Increasing Bethany's tax base: is anyone knocking?
Of the three towns in the Amity region, Bethany is the most rural. Its low density, 233.7 persons per square mile, puts it in a population category with Hebron (201), Granby (234) and Redding (255). Neighbor Woodbridge has 446.3 persons per square mile, Orange, 719.9 and nearby New Haven, a city density of 6,564.7 per mile.
As watershed for three water companies, approximately 40 percent of Bethany's land is protected open space. This helps the town retain some of its rural flavor, despite the burgeoning subdivision development of the 90's.
But the very factors that make Bethany a charming residential town also make it less attractive to businesses. The sparseness of the population makes most retailing difficult, if not impossible, and the lack of public water and sewage facilities are a deterrent to industry.
According to tax collector Lee Grabowski, "speaking as an ordinary citizen" not in his official role, "the challenge is to get something that matches Bethany, like software computer designers, that don't use a lot of resources or need large septic systems. People complain their taxes are too high, but then I point out that Orange is lower because of the Post Road, and they say, 'We don't want a Post Road.'"
First Selectman Craig Stahl says the biggest problem in developing the Business and Industrial Zone (B&I) tax base is the small number of acres available.
"We'll never get the tax relief Woodbridge can get or Orange gets on the Post Road. The cleaner a business we can bring into town, the better."
Three separate commissions have tried to boost the industrial and business tax base in Bethany over the last 35 years.
The latest, headed by realtor Tom Cavaliere, is still listed in the most recently available town report (1999-2000). But as former Horse Commissioner Arthur Rosson said in 1981 when he proposed using the municipally owned so-called "old airport property" for town events instead of industry, "no one's knocking down the door."
Purchased in 1967, that property was originally intended as a 120-acre industrial center. A brochure touting its advantages was even produced, but few parcels were sold. In 1978 a consultant from the Regional Planning Agency of South Central Connecticut was called in. He noted that there were "a lot of built in problems in trying to attract industrial development" to the site. In addition to the lack of public services, there was considerable bedrock and wetlands. He advised trying to find "service businesses."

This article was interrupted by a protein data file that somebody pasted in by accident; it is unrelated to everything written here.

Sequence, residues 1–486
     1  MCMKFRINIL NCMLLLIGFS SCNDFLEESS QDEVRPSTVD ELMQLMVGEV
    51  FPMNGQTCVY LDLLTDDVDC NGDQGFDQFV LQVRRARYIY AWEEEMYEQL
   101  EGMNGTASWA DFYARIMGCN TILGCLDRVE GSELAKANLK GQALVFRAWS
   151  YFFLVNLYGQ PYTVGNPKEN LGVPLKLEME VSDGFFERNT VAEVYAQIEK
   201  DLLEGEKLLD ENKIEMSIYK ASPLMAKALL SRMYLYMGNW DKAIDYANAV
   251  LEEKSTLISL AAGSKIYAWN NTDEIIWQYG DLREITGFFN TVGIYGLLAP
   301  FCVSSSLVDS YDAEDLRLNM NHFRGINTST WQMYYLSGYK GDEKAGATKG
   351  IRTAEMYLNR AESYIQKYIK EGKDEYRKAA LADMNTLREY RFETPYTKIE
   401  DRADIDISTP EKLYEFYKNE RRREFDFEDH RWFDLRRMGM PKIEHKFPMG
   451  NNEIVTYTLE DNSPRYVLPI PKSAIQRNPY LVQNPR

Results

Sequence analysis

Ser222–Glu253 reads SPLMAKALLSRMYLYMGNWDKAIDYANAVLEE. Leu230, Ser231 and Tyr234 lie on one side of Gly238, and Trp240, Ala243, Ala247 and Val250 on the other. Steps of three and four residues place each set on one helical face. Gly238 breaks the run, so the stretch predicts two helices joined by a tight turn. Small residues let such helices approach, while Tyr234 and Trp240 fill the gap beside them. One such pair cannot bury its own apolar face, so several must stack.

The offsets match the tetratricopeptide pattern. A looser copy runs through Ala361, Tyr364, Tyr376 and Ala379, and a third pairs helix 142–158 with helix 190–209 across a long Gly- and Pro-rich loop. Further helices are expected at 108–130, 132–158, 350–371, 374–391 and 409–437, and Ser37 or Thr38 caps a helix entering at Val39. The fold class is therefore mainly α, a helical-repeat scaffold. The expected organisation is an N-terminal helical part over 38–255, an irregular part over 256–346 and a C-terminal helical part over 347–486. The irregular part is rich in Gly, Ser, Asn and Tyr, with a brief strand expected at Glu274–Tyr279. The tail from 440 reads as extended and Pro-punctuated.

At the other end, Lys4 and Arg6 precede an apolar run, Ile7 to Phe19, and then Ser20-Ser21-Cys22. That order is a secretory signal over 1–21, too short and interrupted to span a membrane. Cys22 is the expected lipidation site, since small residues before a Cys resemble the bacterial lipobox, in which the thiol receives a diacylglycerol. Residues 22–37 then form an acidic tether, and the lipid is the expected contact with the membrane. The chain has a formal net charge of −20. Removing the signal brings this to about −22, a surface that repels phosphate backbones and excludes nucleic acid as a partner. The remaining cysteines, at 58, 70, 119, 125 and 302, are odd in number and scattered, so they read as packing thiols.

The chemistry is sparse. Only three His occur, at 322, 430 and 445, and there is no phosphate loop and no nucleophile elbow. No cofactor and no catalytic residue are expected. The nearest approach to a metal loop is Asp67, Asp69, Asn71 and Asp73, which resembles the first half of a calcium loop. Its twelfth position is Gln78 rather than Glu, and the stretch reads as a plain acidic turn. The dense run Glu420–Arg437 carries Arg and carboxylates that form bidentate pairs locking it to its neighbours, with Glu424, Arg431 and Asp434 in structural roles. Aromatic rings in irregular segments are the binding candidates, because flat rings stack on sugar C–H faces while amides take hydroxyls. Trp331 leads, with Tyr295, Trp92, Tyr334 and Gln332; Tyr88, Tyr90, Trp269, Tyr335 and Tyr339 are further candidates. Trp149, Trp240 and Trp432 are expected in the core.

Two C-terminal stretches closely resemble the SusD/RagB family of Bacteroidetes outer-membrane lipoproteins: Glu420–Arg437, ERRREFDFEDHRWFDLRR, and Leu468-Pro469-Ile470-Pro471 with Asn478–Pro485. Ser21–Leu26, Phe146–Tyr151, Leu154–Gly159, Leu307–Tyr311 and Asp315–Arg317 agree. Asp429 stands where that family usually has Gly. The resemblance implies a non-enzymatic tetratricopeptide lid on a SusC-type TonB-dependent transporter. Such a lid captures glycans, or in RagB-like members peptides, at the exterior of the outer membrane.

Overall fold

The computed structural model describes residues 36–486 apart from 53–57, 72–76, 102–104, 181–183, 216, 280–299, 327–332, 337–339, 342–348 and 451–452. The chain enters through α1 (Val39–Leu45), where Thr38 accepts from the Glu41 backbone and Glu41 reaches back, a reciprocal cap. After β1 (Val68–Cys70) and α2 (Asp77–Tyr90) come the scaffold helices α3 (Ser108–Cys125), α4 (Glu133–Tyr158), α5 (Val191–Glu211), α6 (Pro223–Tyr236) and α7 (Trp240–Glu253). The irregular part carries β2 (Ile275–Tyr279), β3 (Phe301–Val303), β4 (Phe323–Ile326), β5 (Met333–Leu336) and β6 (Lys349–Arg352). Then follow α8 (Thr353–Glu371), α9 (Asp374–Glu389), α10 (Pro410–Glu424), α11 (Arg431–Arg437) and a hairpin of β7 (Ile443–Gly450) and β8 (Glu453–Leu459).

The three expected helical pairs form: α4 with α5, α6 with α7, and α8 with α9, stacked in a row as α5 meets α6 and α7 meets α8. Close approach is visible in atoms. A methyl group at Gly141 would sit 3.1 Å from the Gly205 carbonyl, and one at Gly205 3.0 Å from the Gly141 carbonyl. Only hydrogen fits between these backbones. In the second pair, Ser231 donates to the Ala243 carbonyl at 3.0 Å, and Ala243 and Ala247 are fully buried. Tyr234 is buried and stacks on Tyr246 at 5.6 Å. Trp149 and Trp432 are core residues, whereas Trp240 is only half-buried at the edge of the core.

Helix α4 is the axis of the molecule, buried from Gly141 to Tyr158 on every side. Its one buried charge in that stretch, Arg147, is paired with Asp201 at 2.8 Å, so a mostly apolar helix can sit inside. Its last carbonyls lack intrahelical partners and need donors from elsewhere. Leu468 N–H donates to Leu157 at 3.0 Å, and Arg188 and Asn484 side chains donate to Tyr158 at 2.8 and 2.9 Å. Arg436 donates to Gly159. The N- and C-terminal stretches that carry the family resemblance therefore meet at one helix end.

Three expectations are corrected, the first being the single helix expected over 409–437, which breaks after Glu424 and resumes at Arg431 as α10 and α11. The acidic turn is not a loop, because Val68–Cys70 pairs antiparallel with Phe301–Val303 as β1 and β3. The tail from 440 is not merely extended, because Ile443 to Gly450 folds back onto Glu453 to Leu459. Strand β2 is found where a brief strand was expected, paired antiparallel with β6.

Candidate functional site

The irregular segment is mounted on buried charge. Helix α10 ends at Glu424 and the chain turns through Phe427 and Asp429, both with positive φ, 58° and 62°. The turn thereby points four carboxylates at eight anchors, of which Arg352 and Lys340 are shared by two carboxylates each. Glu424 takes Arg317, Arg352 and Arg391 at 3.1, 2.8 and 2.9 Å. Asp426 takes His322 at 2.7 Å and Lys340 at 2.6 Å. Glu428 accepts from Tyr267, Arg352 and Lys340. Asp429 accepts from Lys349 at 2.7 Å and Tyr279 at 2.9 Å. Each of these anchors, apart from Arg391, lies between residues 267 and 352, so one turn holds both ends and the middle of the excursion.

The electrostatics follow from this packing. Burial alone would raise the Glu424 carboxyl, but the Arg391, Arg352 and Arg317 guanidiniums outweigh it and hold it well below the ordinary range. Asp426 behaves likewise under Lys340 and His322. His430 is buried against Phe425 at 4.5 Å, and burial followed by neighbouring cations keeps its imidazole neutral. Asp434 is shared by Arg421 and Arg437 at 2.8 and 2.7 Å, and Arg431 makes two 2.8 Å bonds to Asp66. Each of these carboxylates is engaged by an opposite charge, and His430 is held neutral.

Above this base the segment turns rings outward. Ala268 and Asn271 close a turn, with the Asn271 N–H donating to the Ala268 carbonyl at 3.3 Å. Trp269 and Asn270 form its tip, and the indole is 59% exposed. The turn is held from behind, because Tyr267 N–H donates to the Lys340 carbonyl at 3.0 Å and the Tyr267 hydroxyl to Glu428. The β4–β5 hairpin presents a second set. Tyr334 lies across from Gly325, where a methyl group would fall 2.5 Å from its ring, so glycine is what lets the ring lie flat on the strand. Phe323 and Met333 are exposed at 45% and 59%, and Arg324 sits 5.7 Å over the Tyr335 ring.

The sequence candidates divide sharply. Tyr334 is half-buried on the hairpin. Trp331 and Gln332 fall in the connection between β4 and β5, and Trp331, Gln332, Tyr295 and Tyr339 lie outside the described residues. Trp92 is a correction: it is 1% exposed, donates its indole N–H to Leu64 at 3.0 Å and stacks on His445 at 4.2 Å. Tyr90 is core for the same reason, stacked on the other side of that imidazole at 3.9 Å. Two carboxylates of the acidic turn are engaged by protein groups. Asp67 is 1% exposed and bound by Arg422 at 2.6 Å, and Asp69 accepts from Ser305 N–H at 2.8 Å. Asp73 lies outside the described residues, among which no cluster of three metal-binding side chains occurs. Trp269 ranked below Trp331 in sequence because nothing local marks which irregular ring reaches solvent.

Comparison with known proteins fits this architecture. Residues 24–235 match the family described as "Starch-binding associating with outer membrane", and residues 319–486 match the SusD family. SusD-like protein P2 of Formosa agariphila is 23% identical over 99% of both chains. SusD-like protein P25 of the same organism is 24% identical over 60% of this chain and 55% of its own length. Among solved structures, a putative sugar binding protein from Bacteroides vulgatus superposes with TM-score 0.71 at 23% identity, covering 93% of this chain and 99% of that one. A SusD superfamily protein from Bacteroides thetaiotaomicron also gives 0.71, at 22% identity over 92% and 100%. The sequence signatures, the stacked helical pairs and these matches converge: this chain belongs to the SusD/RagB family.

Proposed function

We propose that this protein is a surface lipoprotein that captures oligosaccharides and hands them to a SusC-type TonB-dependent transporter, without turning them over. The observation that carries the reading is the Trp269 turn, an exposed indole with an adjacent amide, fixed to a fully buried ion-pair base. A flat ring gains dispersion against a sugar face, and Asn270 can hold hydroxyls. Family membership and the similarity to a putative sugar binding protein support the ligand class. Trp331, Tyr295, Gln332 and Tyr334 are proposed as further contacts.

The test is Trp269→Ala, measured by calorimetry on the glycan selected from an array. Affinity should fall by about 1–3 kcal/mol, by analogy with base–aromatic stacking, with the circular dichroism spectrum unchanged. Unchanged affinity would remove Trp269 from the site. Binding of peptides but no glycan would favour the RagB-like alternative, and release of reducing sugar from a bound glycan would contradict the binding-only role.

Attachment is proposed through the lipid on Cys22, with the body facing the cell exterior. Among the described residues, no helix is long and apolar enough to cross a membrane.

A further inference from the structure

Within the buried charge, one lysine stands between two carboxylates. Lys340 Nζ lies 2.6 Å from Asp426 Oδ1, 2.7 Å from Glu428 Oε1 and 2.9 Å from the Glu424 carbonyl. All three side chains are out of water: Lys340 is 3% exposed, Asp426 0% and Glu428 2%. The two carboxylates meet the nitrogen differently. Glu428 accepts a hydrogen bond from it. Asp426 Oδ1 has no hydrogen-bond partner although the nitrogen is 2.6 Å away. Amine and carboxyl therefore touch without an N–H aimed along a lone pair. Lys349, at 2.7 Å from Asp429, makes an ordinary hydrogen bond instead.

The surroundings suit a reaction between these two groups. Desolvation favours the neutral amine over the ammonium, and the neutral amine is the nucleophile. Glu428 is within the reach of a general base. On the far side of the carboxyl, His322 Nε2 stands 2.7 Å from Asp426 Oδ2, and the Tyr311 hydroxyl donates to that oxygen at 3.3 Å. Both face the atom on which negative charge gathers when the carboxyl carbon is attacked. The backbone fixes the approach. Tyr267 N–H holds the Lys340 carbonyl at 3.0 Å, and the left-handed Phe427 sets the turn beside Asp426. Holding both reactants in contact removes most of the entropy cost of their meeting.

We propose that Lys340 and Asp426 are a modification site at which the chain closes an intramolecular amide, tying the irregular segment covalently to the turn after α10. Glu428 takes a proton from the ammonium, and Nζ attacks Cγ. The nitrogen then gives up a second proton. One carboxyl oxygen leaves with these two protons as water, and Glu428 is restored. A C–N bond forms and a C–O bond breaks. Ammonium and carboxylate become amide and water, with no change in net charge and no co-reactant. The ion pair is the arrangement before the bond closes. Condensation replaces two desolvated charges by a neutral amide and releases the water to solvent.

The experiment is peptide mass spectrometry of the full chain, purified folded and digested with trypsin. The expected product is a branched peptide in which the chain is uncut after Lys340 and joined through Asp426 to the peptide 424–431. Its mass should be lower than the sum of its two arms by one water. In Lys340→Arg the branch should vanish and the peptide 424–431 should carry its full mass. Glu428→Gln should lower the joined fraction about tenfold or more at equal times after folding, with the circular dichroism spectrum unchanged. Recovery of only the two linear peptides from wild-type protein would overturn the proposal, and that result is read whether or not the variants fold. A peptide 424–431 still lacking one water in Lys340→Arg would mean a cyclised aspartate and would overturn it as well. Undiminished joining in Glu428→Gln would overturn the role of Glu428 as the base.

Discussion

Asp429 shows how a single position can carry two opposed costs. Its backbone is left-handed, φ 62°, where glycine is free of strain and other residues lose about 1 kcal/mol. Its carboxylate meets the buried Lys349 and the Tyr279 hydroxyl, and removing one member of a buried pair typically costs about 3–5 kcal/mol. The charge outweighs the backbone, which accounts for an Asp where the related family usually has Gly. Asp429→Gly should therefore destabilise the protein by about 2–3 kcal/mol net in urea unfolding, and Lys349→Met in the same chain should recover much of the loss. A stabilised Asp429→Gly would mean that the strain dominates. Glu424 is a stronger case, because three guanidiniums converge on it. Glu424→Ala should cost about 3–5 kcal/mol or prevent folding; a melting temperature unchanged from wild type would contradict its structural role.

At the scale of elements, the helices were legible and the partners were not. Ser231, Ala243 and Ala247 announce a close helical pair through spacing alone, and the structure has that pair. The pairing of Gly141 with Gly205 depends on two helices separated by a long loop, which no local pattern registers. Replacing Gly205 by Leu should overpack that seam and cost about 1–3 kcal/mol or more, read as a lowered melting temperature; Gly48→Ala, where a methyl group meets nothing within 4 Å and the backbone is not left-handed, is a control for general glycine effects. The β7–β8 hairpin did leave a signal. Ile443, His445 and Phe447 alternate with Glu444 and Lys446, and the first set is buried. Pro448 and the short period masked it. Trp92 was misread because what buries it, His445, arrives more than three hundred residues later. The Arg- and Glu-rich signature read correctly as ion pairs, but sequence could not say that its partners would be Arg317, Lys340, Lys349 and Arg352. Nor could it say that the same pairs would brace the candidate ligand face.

The Amity 63 Shopping Center was constructed at the beginning of the housing boom and marketed as condominium retail units. It experienced difficulties right from the start, with a merry go round turnover of businesses: a tanning salon, two hardware stores, two grocery stores, two used article stores, a video parlor, a beauty parlor, a sundries store, and a Chinese take-out restaurant. Of the original occupants, only the pizza parlor survives. An office building behind it has had similar difficulties finding tenancy over the years.
A number of the town's other commercial spaces are available and empty. The former Bernard Burge and Entrata building is for sale, as is an industrial building on Munson Road. Perennial for rent or lease signs flag another industrial building on Munson Road and the partially burnt-out office complex on Amity Road.
Bucking that trend, Seymour Lumber recently filled a longtime vacant empty building on Amity Road, and restored a hardware store to the town along with construction supplies.
A total of four storage facilities, some to house heavy equipment, have either been built or are planned along the Rte. 63 strip. These metal buildings, considered an eyesore by some townspeople, yield taxes similar to a residence. While they add to the coffers and don't cost the town much in services, they use up scanty business-industrial land that might be better used for more tax friendly buildings. According to Finance Board member Michael Stearn, they cover a lot of land with an impervious surface, and yield very little return. A company like Laticrete, on the other hand, is assessed at $2,523,550, adding considerable revenue to the town.
Building an appropriate commercial tax base has been a dilemma for Bethany, one that seems to have daunted the town for thirty-five years. Looking ahead, First Selectman Stahl recognizes the challenge, "it's going to be difficult to bring our cost per household down."